Well given that at the last Census only 61.1% were born in England

    http://www.ons.gov.uk/ons/dcp29904_291554.pdf

    it seems entirely possible that only around 50% of 2011 Londoners were born there[1]. Given that both Goldsmith and Khan actually were, then if anything it’s a rather unrepresentative contest (Boris was born in New York).

    [1] 63.3% were born within the UK which implies 2.2% born in Scotland/Wales/NI which had 16.1% of the population in 2011. Since 71% live in England outside London, pro rata you would expect them to provide another 9.7% of Londoners, bringing the London-born down to 51.4%

  9. London tends to be a Labour voting city these days but not overwhelmingly so, and not on such a scale that we should credit Johnson with some extraordinary political achievement when he won the mayoralty in 2008 and 2012. The 2008 election took place at a time when Brown’s Government was deeply unpopular and the global financial crisis was taking hold. Even so his win, on a 42% turnout, by a mere 6%, wasn’t exactly the stuff of political earthquakes and in 2012 he only just squeaked it against Livingstone by about a 3% margin on a 38% turnout. On the first ballot, allowing for the low turnout, he secured the vote of about 18% of those Londoners eligible to vote.

    He won both elections fair and square, but I think he may well be a political legend in his own lunchtime. He’s secured two narrow victories, by small margins and on low turnouts, in a city that is by no means monochrome red in political hue.

    Now, if he went up to Sunderland and won up there!

    :-)

  10. @frederic stansfield
    Wot overseas interests? It’s hard to imagine anyone more of a Londoner than Sadiq Khan and whilst any billionaire is unlikely to confine himself to one city Zac Goldsmith doesn’t seem much different. Cf Boris

  11. At the moment Sadiq will win by default. I am less and less impressed by Goldsmith every time I see him; I think the problem he has is that the things he cares most about are green issues and electoral reform (it was his Private Member’s Bill that became the Recall of MPs Act 2015). By contrast Londoners care most about house prices, not an issue billionaire Zac has ever had to deal with personally.

  12. Anthony’s link doesn’t actually provide all the tables from this poll (presumably LBC want to spread the results over several days). There’s also two other datasets one of which includes the question asking How well or badly do you think Boris Johnson is doing his job as Mayor of London?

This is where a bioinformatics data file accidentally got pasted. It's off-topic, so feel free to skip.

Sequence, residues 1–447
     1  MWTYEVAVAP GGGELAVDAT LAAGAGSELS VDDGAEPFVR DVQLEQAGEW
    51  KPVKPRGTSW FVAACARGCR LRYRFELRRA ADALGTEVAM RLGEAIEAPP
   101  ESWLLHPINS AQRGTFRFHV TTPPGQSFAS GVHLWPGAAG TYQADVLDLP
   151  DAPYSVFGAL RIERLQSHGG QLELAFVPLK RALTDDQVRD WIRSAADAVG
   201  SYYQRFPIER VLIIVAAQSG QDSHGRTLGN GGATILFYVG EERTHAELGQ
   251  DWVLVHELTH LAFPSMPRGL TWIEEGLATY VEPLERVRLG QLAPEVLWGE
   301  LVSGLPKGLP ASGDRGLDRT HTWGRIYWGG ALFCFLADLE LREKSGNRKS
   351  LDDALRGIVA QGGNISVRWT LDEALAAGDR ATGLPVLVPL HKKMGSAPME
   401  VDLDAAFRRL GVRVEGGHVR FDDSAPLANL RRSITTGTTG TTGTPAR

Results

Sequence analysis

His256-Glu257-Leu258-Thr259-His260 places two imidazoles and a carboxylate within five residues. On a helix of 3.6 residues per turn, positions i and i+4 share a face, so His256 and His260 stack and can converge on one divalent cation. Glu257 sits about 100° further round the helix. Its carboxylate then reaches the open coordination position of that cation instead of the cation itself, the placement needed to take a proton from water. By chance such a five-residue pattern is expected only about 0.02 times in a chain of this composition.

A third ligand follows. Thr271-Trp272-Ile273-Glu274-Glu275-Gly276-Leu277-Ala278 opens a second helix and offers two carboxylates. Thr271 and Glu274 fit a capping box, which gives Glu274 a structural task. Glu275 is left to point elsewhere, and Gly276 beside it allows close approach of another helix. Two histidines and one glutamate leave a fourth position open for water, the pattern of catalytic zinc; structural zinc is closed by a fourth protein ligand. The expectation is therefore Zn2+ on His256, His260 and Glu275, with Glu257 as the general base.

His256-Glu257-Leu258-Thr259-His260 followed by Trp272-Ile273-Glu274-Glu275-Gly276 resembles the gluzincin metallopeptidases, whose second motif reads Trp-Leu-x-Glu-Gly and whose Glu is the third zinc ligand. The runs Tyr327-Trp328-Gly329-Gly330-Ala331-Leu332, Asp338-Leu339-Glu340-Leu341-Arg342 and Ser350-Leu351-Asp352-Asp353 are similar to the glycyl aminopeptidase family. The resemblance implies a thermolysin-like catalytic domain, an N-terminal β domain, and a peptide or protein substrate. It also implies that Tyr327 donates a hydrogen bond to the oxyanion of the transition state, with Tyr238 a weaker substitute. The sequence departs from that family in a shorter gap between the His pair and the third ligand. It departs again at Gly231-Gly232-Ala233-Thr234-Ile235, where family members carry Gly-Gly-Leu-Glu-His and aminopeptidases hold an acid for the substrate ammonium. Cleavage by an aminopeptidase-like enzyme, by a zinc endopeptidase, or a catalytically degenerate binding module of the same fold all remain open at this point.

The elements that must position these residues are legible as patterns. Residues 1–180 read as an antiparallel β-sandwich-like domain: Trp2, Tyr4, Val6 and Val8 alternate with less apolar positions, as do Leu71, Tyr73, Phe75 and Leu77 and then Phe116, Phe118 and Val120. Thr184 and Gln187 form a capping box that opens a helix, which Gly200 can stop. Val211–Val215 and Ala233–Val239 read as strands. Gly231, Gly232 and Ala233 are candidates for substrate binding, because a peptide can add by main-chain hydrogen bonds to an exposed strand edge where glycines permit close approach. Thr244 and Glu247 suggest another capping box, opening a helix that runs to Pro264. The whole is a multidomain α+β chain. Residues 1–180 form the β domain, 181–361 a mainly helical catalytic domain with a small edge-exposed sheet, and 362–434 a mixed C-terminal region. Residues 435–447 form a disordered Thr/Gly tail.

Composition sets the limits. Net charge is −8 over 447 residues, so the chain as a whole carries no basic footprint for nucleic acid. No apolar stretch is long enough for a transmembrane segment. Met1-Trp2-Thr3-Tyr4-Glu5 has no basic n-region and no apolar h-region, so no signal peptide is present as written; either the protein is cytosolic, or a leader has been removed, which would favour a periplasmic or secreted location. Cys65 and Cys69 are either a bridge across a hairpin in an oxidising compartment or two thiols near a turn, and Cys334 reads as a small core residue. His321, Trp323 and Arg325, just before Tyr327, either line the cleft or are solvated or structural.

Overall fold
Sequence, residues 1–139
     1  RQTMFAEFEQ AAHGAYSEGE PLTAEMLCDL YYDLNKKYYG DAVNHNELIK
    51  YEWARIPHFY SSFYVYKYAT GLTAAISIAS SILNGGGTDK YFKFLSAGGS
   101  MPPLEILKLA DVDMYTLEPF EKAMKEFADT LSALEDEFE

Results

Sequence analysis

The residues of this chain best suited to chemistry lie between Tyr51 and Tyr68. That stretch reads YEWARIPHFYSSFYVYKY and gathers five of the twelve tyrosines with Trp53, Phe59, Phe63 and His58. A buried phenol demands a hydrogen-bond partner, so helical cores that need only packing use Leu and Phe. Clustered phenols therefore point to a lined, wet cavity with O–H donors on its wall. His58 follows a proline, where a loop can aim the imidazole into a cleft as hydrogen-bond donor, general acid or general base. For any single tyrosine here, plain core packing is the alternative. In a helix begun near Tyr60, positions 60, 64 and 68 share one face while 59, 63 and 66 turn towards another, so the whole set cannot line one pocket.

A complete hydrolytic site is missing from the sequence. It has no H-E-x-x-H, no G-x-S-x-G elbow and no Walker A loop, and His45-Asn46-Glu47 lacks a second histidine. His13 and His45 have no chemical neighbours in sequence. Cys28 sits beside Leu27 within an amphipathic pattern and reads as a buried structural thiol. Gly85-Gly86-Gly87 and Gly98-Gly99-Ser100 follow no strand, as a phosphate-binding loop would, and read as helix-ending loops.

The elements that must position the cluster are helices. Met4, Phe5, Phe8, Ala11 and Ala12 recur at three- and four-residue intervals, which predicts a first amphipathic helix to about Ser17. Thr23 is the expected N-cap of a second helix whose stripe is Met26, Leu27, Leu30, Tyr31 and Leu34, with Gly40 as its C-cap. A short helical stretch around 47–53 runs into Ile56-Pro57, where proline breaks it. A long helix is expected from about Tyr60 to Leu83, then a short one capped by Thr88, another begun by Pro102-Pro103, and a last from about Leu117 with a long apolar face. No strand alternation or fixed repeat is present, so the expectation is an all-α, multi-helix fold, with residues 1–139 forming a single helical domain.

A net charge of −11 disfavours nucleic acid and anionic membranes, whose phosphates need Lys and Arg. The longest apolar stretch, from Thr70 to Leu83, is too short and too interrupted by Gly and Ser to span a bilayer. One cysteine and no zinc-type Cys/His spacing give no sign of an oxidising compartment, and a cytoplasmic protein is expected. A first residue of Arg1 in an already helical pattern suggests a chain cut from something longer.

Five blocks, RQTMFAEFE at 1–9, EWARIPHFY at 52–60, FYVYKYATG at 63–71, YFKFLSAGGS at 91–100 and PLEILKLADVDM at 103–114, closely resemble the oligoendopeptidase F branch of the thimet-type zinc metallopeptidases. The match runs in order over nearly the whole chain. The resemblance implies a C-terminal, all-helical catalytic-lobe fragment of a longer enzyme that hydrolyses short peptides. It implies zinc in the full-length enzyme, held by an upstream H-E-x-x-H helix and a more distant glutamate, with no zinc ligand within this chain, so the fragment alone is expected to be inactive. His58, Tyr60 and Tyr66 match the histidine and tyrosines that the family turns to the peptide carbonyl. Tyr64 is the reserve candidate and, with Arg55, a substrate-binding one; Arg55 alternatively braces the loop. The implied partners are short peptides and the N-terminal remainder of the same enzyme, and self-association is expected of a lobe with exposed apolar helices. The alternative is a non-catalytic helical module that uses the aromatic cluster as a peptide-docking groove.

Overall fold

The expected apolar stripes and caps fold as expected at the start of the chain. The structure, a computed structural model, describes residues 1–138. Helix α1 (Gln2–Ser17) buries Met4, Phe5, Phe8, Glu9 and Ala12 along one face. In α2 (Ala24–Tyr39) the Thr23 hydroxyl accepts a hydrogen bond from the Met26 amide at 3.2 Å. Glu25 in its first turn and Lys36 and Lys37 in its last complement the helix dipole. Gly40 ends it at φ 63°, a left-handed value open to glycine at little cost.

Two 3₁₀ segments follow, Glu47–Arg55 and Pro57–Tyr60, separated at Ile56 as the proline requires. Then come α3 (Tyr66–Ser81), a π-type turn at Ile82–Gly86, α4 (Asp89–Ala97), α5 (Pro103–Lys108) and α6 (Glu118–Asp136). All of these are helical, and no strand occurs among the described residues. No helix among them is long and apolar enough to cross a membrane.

:

    https://d25d2506sfb94s.cloudfront.net/cumulus_uploads/document/6npv0yq1wf/LBCResults_London_Boris_EUReferendum_ISISterroristattack_160106_W2.pdf

    which gives Well of 58% as against Badly of 29%.

    These figures aren’t untypical. If you look at the tracker for this question in YouGov:

    ht tps://d25d2506sfb94s.cloudfront.net/cumulus_uploads/document/4f1kank0fq/YG-Trackers-London.pdf

    his Well figure has never dropped below 50% and has often been above 60%. I find it a mystery which I can only put down to two factors. One is the unwavering support of the Evening Standard[1]. It’s impossible to overestimate the influence this paper has in London. Its monthly print readership is 4.9 million for 8.5 million Londoners:

    ht tp://www.pressgazette.co.uk/nrs-daily-mail-most-popular-uk-newspaper-print-and-online-23m-readers-month-0

    The corresponding figure for the most popular national UK newspaper is the Mail on 10.6 million for a UK population of 64.1 million. Even with some readers living outside the London, it’s still a level of penetration many times higher for the ES. It will be most people’s main, maybe only, source of information on London-wide matters. And in elections where only around 40% vote, maybe 80-90% of that more interested section will read it.

    The second reason for Johnson’s success is how people seem to see the role of the these elected Mayors and perhaps especially that in London. They were intended to be executive presidents running the city, but instead have tended to be more about representing it in a head of state fashion – being London’s King rather than PM. Now Boris is fairly good at that sort of thing and it’s the part that people see the most so people tend to think he is doing all the job well.

    Of course these two factors also reinforce each other – an uncritical press will highlight to PR part of the job and ignore the more substantial bits. But it helps explain those high rating – and maybe also why those ratings didn’t translate into the overwhelming electoral support you’d think that would imply.

    [1] Boris tends in any case to get a much more favourable reaction from most media simply because, as a journalist, he is one of their own and so has all sort of ties of friendship, employment and influence. It’s impossible to imagine another politician, never mind one in office, getting £250k a year from a newspaper without accusation of bribery for example. Many of those on the ES, including the editor, are long-standing personal friends and previous supporters there have been rewarded with jobs.

  13. Meanwhile I thought Oborne’s report of the Haines plan was nonsense, but it’s one of the characteristics of the (New) Labour establishment to believe that something must be possible just because they want it – hence the punting of this idea in places such as the New Statesman. We saw the same sort of thing immediately after Corbyn’s election when confident announcements were made that he would be dethroned by Christmas, even though it only took five minutes for even an outside such as Colin or myself to look up Labour’s constitution and see this simply wasn’t technically possible But when reality refuses to comply with their demands it will always be someone else’s fault for the Blairites and their fanboys in the media.